Professor Duncan Irschick, integrative biologist and innovator at the University of Massachusettes, recently visited Cape Eleuthera Institute for an exciting week of field work with the Sea Turtle Research and Conservation (STRC) team. Far from being his first visit to CEI, Prof. Irschick is working in collaboration with the STRC team on a novel project to investigate the relationship between life stage and body shape of green sea turtles; how does flipper shape and carapace (shell) shape change with age and what implications does this have on the animal’s fitness? Over the course of the year, STRC researchers have been capturing digital images of the flippers and carapace of individual green turtles as data for investigating this interesting question. Prof. Irschick takes a series of digital images of an individual green turtle for input into the 3D modelling software

The primary focus of Prof. Irschick’s visit this time, however, was to take a series of high quality digital images for each turtle that was captured during the week. With each photo in the series taken from a different angle to the turtle, Prof. Irschick is able to use a software program to create a 3D digital model of the turtle. His hopes are that with the use of 3D printing, these perfect replicates of real-life turtles can be used as an interesting and interactive educational tool. During the week, we caught a total of 11 turtles for Prof. Irschick’s 3D modelling – a very successful week!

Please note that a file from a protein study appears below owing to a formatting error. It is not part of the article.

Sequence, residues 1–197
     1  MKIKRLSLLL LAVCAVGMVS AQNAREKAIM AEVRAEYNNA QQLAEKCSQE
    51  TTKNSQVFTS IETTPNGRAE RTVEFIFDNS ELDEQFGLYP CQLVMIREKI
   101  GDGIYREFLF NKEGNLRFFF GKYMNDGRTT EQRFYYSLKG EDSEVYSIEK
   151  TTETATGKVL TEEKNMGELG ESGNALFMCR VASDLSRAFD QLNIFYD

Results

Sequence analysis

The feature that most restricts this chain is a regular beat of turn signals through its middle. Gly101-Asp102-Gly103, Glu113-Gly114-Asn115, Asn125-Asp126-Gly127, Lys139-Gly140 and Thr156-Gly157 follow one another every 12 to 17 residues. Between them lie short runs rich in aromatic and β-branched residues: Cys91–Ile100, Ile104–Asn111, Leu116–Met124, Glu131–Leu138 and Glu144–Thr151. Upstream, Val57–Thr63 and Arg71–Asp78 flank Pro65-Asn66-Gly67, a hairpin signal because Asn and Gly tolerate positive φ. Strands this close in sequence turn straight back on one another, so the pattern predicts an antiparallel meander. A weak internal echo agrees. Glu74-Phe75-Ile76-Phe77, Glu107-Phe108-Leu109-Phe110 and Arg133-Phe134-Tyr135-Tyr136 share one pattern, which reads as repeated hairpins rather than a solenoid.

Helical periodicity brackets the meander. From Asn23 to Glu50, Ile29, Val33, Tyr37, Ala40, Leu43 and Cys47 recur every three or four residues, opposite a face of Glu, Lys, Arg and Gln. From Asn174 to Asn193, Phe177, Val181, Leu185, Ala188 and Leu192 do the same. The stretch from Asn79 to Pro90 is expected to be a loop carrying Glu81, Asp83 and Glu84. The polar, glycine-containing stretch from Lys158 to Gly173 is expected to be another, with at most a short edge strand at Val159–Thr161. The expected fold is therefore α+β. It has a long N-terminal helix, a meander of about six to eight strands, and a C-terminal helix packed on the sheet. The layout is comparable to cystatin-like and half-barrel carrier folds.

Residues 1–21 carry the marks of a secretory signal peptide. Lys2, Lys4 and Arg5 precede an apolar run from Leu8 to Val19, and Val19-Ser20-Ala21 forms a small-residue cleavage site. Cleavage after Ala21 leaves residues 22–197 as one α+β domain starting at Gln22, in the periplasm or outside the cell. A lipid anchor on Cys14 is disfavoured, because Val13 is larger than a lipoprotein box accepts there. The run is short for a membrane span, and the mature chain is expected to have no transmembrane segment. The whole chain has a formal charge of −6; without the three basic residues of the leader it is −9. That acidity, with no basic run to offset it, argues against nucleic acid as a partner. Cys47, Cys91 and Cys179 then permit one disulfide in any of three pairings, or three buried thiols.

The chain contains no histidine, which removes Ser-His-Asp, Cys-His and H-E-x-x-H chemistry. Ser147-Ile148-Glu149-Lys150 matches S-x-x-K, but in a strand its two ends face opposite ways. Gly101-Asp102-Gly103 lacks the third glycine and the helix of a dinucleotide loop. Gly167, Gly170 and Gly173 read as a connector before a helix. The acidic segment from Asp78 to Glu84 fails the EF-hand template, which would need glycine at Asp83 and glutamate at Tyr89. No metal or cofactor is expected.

Mid-week, the staff and visitors of CEI were treated to an evening presentation by Prof. Irschick entitled ‘Bioinspiration as a way of understanding the world’.

Prof. Irschick delivering a presentation entitled ‘Bioinspiration as a way of understanding the world

This talk gave insight into how biological form can inspire synthetic design and touched on the striking similarity between the shape of bicycle helmets and sea turtle carapaces and how, by studying the form of gecko feet, a collaboration at the University of Massachusetts was able to apply anatomical principles to create a gecko-like adhesive called GeckSkin TM. His presentation was met with a host of questions on this inspiring topic and has certainly left us looking at the form and function of organisms in a new light.